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Nile Crocodile Attacking Wildebeest

 The Nile Crocodile in east Africa is the king of all it sees. No animal will openly and willingly take on a large adult Crocodile unless it has no choice while defending itself. Certainly the great herds of herbivores like the zebras and wildebeest have as much, or more, to worry about as any other creature. Their migration routes take them directly across great rivers, full of Crocodiles. 

Nile Crocodile Attacking

 It looks like a log, but they know better. These wildebeests wait for more of their kind before they try to cross the Mara River in Tanzania, the Nile Crocodile is plentiful here, in large part because of the wildebeests. Their strategy is simple, the more that cross together, the less chance any one has of being caught. Safety in numbers. 

Nile Crocodile Attacking

  Predators, like anyone else, would prefer an easy meal. No one wants to work hard if there is an easy way to go. So a young wildebeest is perfect. It’s smaller, so it’s weaker and slower; and it’s inexperience and poor jumping ability will also work in the crocodile’s favor. It’s mother waits for it, but that’s all the help she can offer.  

Nile Crocodile Attacking

 The Nile Crocodile will take any part of the body it can reach, but a leg is preferable. It unbalances the wildebeest and prevents it from jumping up the bank to safety.  

Nile Crocodile Launches Its Attack

Nile Crocodile Attacking

 Strike! From this point, unless the Nile Crocodile actually lets go for some reason, the wildebeest has no chance. Those jaws put thousands of pounds of pressure on the leg, it’s a trap that will not open. 

Nile Crocodile Attacking   The young animal makes the edge but it’s already lost the fight. The wildebeest cross here every year on their migration from dry season grasslands to rainy season grasslands. The Nile Crocodiles that stalk them here are some of the biggest crocodiles in the world, reaching 18 ft or more and upwards of 2,000 pounds.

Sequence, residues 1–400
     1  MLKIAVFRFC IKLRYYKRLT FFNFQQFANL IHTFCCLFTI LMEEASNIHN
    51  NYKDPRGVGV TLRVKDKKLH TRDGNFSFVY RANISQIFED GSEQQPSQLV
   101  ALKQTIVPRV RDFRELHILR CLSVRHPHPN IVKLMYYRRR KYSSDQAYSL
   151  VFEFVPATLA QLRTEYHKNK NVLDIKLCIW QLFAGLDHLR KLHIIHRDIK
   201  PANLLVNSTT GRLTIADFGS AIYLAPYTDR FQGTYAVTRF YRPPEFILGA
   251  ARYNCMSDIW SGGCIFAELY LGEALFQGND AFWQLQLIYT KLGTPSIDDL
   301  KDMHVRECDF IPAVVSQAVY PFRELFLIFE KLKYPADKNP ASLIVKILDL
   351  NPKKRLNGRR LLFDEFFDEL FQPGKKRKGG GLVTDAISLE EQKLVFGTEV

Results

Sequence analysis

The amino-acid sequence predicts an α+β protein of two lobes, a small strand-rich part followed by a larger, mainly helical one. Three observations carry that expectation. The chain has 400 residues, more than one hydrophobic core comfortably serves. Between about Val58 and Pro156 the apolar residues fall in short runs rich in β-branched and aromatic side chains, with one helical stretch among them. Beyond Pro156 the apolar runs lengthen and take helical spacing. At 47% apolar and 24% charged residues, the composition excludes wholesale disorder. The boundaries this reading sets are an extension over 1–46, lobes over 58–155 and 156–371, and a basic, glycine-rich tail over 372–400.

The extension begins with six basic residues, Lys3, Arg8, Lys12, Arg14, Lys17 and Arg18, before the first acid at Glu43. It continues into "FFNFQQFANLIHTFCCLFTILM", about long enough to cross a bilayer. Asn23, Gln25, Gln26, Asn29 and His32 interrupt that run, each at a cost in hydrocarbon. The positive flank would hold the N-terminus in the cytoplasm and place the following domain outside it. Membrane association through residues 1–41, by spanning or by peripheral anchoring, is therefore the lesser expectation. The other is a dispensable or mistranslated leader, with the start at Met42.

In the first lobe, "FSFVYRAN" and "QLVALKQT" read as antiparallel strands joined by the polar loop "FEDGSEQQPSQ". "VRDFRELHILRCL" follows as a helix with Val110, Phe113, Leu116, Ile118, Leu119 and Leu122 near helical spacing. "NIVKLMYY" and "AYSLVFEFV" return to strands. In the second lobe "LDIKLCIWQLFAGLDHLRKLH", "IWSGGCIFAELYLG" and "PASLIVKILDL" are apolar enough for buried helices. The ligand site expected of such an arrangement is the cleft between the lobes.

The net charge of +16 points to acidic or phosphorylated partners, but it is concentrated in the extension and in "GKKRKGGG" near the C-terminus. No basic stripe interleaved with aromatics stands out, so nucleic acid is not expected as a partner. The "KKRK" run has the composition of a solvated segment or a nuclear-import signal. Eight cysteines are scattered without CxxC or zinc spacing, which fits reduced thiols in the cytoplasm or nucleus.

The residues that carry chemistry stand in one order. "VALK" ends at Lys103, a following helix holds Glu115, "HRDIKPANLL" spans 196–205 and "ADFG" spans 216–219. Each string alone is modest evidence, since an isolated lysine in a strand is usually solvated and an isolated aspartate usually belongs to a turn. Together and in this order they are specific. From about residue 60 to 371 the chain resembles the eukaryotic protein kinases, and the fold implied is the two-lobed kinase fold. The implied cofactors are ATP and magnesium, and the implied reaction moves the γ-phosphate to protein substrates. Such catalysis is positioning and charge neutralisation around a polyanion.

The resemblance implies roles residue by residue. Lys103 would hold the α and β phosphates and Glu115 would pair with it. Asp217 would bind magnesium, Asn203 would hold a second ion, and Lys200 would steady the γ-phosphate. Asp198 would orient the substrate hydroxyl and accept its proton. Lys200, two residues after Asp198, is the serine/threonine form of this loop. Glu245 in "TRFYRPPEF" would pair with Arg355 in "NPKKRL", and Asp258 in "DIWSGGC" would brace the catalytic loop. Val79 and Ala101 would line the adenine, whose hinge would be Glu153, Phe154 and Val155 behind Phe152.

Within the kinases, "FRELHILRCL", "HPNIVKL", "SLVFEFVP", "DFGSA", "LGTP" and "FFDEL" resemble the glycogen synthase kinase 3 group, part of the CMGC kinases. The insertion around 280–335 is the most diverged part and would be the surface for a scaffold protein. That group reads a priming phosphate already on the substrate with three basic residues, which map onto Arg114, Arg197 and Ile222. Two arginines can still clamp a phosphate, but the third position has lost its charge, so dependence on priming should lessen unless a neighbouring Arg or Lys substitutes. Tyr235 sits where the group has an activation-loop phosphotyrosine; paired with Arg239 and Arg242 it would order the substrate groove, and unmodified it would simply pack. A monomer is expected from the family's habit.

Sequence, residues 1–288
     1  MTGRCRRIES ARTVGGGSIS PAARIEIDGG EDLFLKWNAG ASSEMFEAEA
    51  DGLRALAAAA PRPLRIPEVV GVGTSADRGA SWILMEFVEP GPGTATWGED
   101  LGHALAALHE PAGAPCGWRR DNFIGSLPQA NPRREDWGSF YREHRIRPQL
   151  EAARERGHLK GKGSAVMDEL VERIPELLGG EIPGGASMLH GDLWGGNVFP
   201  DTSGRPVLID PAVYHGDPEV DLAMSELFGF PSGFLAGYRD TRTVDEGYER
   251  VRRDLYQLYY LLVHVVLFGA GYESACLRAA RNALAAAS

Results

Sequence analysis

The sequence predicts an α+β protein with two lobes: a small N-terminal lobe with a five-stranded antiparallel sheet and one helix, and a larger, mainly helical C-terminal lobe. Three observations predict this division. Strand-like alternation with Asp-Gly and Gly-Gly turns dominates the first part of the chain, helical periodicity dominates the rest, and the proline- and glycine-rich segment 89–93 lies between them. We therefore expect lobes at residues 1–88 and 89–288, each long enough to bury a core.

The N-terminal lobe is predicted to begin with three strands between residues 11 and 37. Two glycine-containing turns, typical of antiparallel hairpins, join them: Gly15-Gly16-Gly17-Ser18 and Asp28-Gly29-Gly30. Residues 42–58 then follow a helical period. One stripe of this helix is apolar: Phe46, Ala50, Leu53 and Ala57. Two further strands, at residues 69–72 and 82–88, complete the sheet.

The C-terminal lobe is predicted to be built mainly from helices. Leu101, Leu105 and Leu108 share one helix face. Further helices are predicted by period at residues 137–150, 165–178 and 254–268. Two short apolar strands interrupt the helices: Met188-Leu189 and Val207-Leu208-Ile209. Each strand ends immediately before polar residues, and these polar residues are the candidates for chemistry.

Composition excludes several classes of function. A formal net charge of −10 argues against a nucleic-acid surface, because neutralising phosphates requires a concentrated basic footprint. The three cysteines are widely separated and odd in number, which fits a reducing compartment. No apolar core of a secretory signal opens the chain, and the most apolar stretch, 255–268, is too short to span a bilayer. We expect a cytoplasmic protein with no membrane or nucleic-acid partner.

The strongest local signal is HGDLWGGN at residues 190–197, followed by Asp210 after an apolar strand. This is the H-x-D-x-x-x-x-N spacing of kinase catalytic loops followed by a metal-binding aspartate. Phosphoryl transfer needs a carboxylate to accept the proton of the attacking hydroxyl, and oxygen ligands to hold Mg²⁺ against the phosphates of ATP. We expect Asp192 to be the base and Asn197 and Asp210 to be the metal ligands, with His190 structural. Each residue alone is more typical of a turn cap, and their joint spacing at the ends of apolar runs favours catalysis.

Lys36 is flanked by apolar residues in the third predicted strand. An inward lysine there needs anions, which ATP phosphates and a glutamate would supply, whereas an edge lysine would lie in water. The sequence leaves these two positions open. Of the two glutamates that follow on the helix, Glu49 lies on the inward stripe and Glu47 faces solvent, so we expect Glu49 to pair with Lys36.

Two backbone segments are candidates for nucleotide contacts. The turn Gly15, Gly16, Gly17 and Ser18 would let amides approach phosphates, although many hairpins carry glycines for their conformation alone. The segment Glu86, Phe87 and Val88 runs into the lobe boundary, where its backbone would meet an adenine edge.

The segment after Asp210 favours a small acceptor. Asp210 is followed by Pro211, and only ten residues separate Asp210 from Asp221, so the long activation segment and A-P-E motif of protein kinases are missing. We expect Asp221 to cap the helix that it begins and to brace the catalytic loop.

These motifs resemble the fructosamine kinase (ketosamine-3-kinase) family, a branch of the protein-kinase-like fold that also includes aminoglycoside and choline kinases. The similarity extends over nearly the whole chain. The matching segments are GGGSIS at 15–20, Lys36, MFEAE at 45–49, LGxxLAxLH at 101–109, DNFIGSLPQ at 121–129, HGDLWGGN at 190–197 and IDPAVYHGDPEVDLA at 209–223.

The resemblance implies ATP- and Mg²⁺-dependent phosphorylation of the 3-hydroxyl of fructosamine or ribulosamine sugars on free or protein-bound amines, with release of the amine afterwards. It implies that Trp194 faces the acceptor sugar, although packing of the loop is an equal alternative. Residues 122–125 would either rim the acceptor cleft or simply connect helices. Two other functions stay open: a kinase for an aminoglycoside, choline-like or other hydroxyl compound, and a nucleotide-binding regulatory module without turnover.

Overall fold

Nile Crocodile Attacking  The Nile Crocodile wrenches the animal down into the water, scattering and scaring off the other wildebeests  

Nile Crocodile Attacking

  The caught wildebeest is dragged away…

Nile Crocodile Attacking    …and under the water. The Nile Crocodile need not exert itself killing the animal, the water works just as well. —These scenes maybe hard to see for some, but the croc must eat, as must all predators; lions, tigers, sharks, frogs, hawks, mantises and Crocodiles. It should also be remembered that not all the young of any animal may survive in the wild. Actually much more the reverse, most young of all species will die before they reach adulthood. It isn’t pleasant but that’s how the natural world is.
Don’t blame the Crocodile for being a Crocodile.
 

All photos https://creativecommons.org/licenses/by-sa/2.0/deed.en

Lip Kee

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